The next step, I’m convinced, is to start drawing in radically different time frames. I was resistant to this idea, mostly because I couldn’t do it. The thought of drawing anything in 30 seconds was beyond my abilities. Heck, the thought of drawing anything in 20 minutes was beyond my abilities until I’d drawn a few hundred things that took 1-2 hours. But you’re all more experienced than I am, right? So give it a try.
Here are my attempts at this sort of thing, all done within the last week or so. The first is a very quick sketch of a friend. I spent about 30-seconds capturing his shape, and little more, as he was talking to someone.
Is it great art? Nope, but I can look at it and remember that day. I also got some practice capturing a shape quickly. I got to do art while I waited for him. I had fun. I’m just guessing but if I do another 120 of these I bet my ability to do it will improve. What do you think? And how long will that take to do 120 sketches like this? In real sketching time, ONE HOUR, and it will be one hour spent drawing instead of just standing around. Everyone has ‘dead time’ in their life.
I was out to lunch with a friend and afterwards he had to stop at a store, run in, and pick something up. I sat in the car for 3-4 minutes. As I sat I realized there was a building before me so I got out my small sketchbook and started drawing. I spent 2-3 minutes on this sketch before my buddy returned and I quickly slapped on some color before scanning it. I could have just sat and watched cars drive by but what fun would that be? Doing 100 of these sketches would require seven hours of waiting for people, sitting in a doctor’s office, waiting for lunch to be served. Sadly, we all spend lots of time doing nothing. And again, the result is fun and I get more experience “seeing” things and recording them. If you did one of them a day, you’d have 365 sketches like this at the end of the year.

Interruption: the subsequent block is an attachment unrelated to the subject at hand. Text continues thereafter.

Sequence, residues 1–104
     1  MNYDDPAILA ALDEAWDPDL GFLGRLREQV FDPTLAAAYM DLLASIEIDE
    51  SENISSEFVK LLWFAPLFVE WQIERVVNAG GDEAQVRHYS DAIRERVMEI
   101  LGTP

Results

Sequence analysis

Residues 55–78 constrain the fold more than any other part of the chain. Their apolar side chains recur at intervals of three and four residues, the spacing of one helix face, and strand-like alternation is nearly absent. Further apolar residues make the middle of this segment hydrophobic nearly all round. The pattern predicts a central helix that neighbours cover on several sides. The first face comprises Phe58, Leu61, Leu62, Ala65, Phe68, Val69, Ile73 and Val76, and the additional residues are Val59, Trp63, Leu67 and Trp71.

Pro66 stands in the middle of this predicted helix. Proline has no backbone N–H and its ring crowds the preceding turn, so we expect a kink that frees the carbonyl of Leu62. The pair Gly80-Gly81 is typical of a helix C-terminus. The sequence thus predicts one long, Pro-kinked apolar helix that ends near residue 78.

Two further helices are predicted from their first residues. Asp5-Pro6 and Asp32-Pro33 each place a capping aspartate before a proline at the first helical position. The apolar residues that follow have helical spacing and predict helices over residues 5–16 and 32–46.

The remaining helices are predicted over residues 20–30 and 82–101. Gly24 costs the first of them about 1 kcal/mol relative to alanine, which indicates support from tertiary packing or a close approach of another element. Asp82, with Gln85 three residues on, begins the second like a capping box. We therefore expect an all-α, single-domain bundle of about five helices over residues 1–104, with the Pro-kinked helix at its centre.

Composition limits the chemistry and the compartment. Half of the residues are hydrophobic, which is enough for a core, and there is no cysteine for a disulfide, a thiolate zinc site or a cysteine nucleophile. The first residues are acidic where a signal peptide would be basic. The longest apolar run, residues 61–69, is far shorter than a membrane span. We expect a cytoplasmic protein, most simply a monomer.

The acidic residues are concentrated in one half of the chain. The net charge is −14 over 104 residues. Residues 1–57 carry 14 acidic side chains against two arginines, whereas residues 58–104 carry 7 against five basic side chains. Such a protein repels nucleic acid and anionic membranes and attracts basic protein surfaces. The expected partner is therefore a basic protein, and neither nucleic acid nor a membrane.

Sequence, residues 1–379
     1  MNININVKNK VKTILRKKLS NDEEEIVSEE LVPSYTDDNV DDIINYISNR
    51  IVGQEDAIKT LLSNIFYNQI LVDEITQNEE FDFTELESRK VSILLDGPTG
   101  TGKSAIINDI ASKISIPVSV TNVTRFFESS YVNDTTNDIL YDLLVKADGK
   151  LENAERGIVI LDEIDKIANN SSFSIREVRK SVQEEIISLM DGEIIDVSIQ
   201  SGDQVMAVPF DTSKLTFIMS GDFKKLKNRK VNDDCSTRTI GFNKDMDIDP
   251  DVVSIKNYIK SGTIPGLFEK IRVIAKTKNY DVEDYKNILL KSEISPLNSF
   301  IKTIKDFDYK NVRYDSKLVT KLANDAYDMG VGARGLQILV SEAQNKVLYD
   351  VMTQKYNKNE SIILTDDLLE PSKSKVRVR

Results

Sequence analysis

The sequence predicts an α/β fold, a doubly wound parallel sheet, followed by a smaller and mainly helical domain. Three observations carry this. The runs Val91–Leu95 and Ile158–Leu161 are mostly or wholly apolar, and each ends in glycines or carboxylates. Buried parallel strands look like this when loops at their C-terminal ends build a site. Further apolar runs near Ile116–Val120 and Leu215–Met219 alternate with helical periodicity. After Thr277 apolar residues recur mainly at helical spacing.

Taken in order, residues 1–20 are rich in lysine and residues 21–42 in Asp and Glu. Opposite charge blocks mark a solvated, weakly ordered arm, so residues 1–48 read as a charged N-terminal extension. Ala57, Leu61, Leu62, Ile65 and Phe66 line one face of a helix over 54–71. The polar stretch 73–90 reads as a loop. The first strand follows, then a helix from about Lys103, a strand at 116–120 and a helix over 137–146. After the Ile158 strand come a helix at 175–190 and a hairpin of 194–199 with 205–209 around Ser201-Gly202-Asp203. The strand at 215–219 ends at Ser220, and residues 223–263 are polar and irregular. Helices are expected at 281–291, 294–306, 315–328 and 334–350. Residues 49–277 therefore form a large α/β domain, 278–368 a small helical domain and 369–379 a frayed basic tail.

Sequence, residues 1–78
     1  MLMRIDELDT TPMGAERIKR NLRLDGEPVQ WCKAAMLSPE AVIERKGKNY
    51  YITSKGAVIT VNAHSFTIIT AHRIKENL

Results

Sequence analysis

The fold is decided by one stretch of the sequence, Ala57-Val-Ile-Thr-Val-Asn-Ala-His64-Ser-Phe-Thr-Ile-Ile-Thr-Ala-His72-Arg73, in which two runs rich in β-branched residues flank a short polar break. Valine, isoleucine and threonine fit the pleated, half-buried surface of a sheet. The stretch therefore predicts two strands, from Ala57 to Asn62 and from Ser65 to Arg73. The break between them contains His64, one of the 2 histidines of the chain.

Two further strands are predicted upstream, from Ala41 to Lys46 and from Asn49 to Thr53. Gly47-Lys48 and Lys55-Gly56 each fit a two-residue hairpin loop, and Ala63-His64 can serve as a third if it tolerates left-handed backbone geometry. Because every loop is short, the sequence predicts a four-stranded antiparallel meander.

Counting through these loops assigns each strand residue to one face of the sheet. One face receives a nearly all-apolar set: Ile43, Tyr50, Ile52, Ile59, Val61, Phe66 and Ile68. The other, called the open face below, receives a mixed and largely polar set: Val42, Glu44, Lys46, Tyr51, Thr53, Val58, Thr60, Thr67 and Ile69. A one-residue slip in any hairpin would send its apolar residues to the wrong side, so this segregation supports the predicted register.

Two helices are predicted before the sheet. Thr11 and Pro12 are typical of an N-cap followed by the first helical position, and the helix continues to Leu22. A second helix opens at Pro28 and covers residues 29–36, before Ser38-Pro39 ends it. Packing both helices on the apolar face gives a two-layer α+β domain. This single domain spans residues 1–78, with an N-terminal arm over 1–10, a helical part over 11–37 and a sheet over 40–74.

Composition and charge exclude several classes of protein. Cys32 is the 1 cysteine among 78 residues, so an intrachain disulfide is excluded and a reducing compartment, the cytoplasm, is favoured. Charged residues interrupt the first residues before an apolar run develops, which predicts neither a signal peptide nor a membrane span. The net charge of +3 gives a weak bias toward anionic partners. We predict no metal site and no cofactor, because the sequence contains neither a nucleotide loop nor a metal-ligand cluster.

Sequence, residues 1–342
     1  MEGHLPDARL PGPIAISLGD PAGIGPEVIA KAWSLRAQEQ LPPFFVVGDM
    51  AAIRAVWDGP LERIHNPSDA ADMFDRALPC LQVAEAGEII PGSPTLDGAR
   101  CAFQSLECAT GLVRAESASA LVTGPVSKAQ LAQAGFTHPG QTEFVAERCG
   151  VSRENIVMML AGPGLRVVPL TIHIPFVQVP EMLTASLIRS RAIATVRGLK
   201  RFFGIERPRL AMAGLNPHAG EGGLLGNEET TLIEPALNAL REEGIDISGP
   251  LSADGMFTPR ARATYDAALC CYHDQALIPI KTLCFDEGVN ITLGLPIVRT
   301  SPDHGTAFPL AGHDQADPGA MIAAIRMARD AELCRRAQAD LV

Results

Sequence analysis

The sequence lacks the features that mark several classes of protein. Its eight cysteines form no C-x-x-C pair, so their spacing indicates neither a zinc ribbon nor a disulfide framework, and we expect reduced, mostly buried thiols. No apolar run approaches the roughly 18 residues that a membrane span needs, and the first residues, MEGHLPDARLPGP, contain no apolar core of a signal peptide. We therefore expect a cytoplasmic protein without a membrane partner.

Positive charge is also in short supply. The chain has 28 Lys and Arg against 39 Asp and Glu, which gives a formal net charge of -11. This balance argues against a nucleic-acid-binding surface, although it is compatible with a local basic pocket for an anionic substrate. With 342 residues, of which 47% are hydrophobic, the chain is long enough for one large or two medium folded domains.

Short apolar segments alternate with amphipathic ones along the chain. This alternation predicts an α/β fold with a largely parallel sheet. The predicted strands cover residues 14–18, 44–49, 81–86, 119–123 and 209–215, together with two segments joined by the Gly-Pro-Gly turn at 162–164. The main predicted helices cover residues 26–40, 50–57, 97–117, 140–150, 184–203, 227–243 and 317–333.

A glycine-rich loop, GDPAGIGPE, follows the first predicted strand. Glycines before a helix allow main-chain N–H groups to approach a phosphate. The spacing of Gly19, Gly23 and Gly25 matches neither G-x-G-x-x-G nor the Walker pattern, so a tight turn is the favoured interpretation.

I was in a mall, again… waiting. I looked up and noticed the large light fixtures that light the mall corridors. I’d been in the mall a gazillion times but never noticed them before. Again, I got out my sketchbook and spent 10-12 minutes drawing one of those lights. I found it something of a challenge as I always have trouble with angles when I have to look up a lot. In the end, though, the waiting became fun and productive.
When I have more time, but not enough for a complex scene, I’ll do something like this:
Which one do you like best? Yeah…me too, but those quicker, more spartan sketches allow me to build the ability to do the sketch above in about half an hour.
And when I have a lot of time, I’ll do something like this:
I can’t tell you how long this sketch took me except to say that I need a significant block of time to do a sketch like this. If I only did sketches like this I would have a lot less fun, a lot less often, and I’d have a lot less experience in laying line to paper than I currently have. The time-result ‘trick’ is working for me. My results are not up to what Yvan can produce in a few minutes but if I’m convinced that working in different time frames, fitting in as much drawing as I possibly can into my life, I will improve. Maybe it can help you as well.